7
Dez
2005

Protect Anti-Torture Amendment

Take Action Now
http://takeaction.amnestyusa.org/action/index.asp?step=2&item=12428

Please contact your Members of Congress today to urge them to keep the anti-torture amendment exactly as passed by the U.S. Senate and to oppose the Graham Amendment.

Click here to take action
http://takeaction.amnestyusa.org/action/index.asp?step=2&item=12428

We need your help to ensure that members of the House support the Anti-Torture Amendment as passed by the Senate, and oppose the Graham Amendment.

Some Representatives are reportedly trying to strip the anti-torture amendment. Please send an email and call your Representative today to urge them to keep the Anti-Torture Amendment exactly as passed by the Senate, and to support the fundamental right to due process by opposing the Graham Amendment!

Click here to take action now.
http://takeaction.amnestyusa.org/action/index.asp?step=2&item=12428

A critical vote in the House of Representatives could come as early as tonight. Representatives may soon vote on how to advise a small group of their colleagues who are negotiating the fate of the Anti-Torture Amendment. They might also vote on the fate of the Graham Amendment that would dangerously restrict the right for detainees at Guantanamo to challenge their detention in federal courts.

Click here to take action now.
http://takeaction.amnestyusa.org/action/index.asp?step=2&item=12428

You can also call your Member of Congress:

U.S. Representative

Anti-Torture Talking points

Because there are differences between the House and Senate passed versions of the bills, Congress will appoint a select group of Representatives and Senators to a "conference committee" responsible for reconciling the discrepancies between House and Senate versions of legislation and agreeing on one final version for both chambers to vote on and send to the President for signature. For this reason, we'd like activists to contact both of their Senators and their Representative in support of the Anti-Torture Amendment and opposing the Graham Amendment.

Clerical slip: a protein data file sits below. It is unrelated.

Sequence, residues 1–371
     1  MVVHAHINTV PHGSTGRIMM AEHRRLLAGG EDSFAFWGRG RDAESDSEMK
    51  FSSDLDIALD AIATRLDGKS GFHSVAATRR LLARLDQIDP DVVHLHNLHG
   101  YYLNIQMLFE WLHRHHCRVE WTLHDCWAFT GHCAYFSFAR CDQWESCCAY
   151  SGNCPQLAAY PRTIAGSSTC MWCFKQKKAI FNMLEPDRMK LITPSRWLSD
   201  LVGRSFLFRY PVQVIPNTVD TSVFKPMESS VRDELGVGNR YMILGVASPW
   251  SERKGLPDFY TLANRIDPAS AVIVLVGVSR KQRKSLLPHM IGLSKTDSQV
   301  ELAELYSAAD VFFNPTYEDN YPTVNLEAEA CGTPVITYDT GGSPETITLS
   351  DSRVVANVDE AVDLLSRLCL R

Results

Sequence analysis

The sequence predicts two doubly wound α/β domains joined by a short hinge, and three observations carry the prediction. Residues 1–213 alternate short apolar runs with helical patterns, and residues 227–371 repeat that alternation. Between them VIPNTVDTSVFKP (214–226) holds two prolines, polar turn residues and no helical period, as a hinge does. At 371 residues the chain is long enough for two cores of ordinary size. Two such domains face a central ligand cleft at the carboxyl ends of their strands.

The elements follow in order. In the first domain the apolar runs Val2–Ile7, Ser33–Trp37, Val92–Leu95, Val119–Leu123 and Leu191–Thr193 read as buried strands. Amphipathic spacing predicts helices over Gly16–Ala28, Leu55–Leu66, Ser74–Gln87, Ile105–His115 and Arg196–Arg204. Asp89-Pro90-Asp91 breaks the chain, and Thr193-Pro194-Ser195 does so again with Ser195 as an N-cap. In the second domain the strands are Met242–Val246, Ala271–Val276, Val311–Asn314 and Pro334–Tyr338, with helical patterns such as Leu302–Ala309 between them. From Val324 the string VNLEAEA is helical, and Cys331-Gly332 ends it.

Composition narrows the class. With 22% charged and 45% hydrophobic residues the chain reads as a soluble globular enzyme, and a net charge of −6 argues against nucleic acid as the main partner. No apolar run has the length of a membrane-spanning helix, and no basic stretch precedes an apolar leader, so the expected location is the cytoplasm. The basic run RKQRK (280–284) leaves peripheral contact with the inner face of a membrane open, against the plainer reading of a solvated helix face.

-- As your constituent, I urge you to adopt the Anti-Torture Amendment, as originally passed by the U.S. Senate. I urge you to forcefully oppose any effort to modify or to strip the language of the Senate passed amendment from the Department of Defense Appropriations bill. And I urge you to press the President to sign the provision into law without revisions.

-- Any attempts to create exemptions for the CIA, a presidential waiver on the ban, or other qualification would put the U.S. government in a position of authorizing inhumane treatment, in violation of core principles that Americans embrace and in violation of U.S. and international law. Any such revisions to the original amendment should be overwhelmingly opposed.

-- Torture is a tool of terror, not liberty. No country can hope to promote freedom, democracy and justice if it also claims a right to inflict inhuman cruelty. America’s best values will only survive for our children if we stand by them in fearful and uncertain times. We must never let terrorists influence standards for moral and lawful behavior.

-- I am particularly concerned to hear that some Representatives may want to strip the anti-torture language from the Appropriations bill, and let identical language wither and never be signed into law on the authorization bill. The Senate passed anti-torture language must be adopted without modification on both bills. I urge you also to oppose the Graham Amendment to the Defense Authorization bill and to ensure that Congress protect core principles of justice and due process, especially the basic right to Habeas Corpus. The ability to challenge one’s detention in a court of law is absolutely critical to protect the human rights of anyone in custody.

-- The US Army Field Manual recognizes that torture and inhuman treatment is ineffective, stating that "Use of torture and other illegal methods is a poor technique that yields unreliable results, may damage subsequent collection efforts, and induce the source to say what he thinks the interrogator wants to hear."

-- As my elected official, I urge you to press for the adoption of the Anti-Torture Amendment in the form passed by Senate, and to urge the President to sign the provision into law without revisions.
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